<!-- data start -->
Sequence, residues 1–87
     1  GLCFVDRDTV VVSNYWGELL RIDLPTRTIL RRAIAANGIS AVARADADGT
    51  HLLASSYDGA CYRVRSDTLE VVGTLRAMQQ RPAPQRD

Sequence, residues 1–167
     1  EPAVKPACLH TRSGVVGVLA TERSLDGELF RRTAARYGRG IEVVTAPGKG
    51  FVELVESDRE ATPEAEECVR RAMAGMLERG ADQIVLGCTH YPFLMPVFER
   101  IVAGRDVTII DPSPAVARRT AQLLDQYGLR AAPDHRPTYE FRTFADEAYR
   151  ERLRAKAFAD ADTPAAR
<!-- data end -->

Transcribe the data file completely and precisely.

Sequence, residues 1–87
     1  GLCFVDRDTV VVSNYWGELL RIDLPTRTIL RRAIAANGIS AVARADADGT
    51  HLLASSYDGA CYRVRSDTLE VVGTLRAMQQ RPAPQRD

Sequence, residues 1–167
     1  EPAVKPACLH TRSGVVGVLA TERSLDGELF RRTAARYGRG IEVVTAPGKG
    51  FVELVESDRE ATPEAEECVR RAMAGMLERG ADQIVLGCTH YPFLMPVFER
   101  IVAGRDVTII DPSPAVARRT AQLLDQYGLR AAPDHRPTYE FRTFADEAYR
   151  ERLRAKAFAD ADTPAAR